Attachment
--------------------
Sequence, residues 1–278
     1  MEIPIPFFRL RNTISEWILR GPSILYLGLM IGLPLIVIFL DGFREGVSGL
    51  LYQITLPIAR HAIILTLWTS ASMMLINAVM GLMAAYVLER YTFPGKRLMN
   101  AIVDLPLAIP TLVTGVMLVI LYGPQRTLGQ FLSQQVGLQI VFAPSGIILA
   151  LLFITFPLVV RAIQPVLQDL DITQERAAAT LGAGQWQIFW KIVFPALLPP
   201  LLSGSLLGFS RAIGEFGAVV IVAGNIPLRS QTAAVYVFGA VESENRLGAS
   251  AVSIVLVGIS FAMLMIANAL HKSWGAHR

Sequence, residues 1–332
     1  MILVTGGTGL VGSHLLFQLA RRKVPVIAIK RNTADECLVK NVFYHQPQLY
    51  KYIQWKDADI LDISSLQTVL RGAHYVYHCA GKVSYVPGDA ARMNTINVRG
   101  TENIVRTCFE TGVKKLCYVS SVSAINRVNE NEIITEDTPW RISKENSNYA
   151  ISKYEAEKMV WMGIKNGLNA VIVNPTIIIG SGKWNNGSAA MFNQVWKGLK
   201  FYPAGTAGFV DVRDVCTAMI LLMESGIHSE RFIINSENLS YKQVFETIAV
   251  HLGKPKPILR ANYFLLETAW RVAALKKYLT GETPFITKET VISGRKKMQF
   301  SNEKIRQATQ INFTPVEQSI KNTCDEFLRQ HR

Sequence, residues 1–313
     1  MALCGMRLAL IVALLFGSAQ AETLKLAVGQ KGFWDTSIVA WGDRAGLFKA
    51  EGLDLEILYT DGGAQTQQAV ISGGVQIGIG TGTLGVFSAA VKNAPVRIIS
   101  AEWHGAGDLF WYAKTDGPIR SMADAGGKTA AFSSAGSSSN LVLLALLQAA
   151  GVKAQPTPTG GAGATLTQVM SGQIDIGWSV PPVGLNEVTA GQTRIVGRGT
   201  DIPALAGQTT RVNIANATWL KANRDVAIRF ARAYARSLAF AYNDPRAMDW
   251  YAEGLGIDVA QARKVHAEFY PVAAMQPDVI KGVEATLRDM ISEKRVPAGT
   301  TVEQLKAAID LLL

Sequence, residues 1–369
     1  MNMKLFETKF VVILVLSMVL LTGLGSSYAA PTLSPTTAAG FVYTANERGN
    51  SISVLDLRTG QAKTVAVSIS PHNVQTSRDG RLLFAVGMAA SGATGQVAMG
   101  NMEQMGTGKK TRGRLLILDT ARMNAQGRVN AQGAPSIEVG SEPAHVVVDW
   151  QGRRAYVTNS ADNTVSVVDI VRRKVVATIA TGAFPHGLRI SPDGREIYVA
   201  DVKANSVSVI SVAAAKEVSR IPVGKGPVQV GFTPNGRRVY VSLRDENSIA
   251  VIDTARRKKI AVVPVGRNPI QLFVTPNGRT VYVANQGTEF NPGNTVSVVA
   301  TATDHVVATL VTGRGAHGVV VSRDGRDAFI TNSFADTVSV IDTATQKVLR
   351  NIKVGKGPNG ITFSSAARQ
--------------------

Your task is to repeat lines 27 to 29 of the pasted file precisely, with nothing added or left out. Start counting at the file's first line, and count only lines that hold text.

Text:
   101  NMEQMGTGKK TRGRLLILDT ARMNAQGRVN AQGAPSIEVG SEPAHVVVDW
   151  QGRRAYVTNS ADNTVSVVDI VRRKVVATIA TGAFPHGLRI SPDGREIYVA
   201  DVKANSVSVI SVAAAKEVSR IPVGKGPVQV GFTPNGRRVY VSLRDENSIA